BDI continues upward momentum
Dry bulk owners' earnings have been rising, supported by strong capesize and panamax markets, which have reached the highest level in six years. However, the segment is expected to show signs of slowdown due to the escalating tensions between China and the US
The increase in rates could spur interest among owners to lock in gains by chartering their capes and panamaxes for longer periods of time, said one broker
THE Baltic Dry Index is continuing its upward momentum, buoyed by higher freight rates for capesize and panamax bulk carriers.
The index rose to 2,267 points on Wednesday, climbing to its highest levels in the past six years and was up by 25.1% compared with the beginning of the month.
The strengthening of capesize shipments was not surprising due to increased iron ore cargoes to China from Brazil and Australia, but the boom was also propelled by coal shipments from Indonesia and Australia to China.
“Especially on the Brazil to China route we have seen a big improvement with $4 per tonne added to the freight,” Norwegian brokerage Fearnleys noted.
“For this route we see significant activity with less and less early tonnage available. This tightness indicates that we are looking at further improvement in the week to come, however it mostly depends on the schedule and activity of one major freight consumer.”
The average capesize weighted time charter on the Baltic Exchange was at $32,182 per day at the close on Wednesday, up from $28,431 last week.
The increase in rates could spur interest among owners to lock in gains by chartering their capes and panamaxes for longer periods of time, said one broker.
Looking forward, the Singapore-based broker added: “I think the general upward trend will carry on until the next few weeks. Tonnage tightness remains a big issue and this will put pressure on rates.”
“However, I am cautiously optimistic in the short term as the macro environment looks bleak and is sure to have an impact on spot rates.”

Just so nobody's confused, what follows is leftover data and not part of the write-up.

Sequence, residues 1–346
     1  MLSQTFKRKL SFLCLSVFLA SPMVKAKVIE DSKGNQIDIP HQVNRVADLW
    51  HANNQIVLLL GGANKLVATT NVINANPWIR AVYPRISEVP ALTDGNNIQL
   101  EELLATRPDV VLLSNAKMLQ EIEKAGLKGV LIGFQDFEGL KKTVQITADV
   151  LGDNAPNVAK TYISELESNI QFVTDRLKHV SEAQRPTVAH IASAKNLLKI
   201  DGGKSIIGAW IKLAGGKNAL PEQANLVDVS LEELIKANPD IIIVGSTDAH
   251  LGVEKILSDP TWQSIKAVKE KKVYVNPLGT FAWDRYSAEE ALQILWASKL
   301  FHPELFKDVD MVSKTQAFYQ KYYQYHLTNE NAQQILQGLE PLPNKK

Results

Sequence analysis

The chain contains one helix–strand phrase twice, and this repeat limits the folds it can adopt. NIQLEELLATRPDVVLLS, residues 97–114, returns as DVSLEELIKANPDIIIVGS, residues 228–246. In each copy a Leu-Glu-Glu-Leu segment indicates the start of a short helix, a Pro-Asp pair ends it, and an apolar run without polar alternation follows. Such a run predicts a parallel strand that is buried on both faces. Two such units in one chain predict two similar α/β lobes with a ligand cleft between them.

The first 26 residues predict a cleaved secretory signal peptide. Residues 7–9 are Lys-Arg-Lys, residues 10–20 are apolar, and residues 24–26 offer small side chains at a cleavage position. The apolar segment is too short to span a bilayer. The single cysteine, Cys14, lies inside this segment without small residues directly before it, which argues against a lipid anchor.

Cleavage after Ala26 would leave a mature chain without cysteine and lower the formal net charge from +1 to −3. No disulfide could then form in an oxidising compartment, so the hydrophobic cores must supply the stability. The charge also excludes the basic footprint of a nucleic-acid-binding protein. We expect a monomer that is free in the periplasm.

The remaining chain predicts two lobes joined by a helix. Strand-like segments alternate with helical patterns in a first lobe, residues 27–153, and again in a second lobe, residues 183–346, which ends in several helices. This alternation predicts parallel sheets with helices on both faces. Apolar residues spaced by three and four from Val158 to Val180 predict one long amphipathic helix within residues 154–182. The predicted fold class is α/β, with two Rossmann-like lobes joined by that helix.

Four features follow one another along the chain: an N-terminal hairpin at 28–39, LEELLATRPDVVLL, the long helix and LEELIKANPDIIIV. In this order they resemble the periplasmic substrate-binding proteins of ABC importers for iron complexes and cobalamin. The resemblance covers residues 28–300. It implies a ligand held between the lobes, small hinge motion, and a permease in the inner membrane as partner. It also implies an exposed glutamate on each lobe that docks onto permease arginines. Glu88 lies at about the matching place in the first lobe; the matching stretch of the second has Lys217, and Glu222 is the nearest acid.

Trade tensions between the world’s two largest economies has already started to take a toll on the dry bulk market.
Chinese steel futures have slumped more than 3% — the steepest drop in nine months — on the back of heightened worries about a prolonged weakness in demand, according to Arctic Securities.
Steel mills in China are also grappling with a plunge in the currency after China weakened its yuan which has eroded the purchasing power of steel makers, underscoring jitters over seaborne demand for raw materials.
Although, China's energy demand could be partly cushioned by policy support for domestic consumption, Bank of America Merrill Lynch warned that industrial metals like copper or nickel are also set to suffer from a slowdown in Chinese investment and exports. This might further hurt dry bulk shipping demand.
Moreover, Chinese coal imports are already up 7% year on year as at end-July while the Asian giant plans not to exceed 2018 totals. Evercore ISI analyst Jonathan Chappell said that there is a risk that a large pullback from this trade could result in end-of-year weakness in spot rates, just like the large decline in late 2018.
Still, it is not all gloom and doom. Another broker pointed out that panamaxes would benefit from the increased grain flows from the east coast of Ssouth America in the coming months which would hugely support spot rates.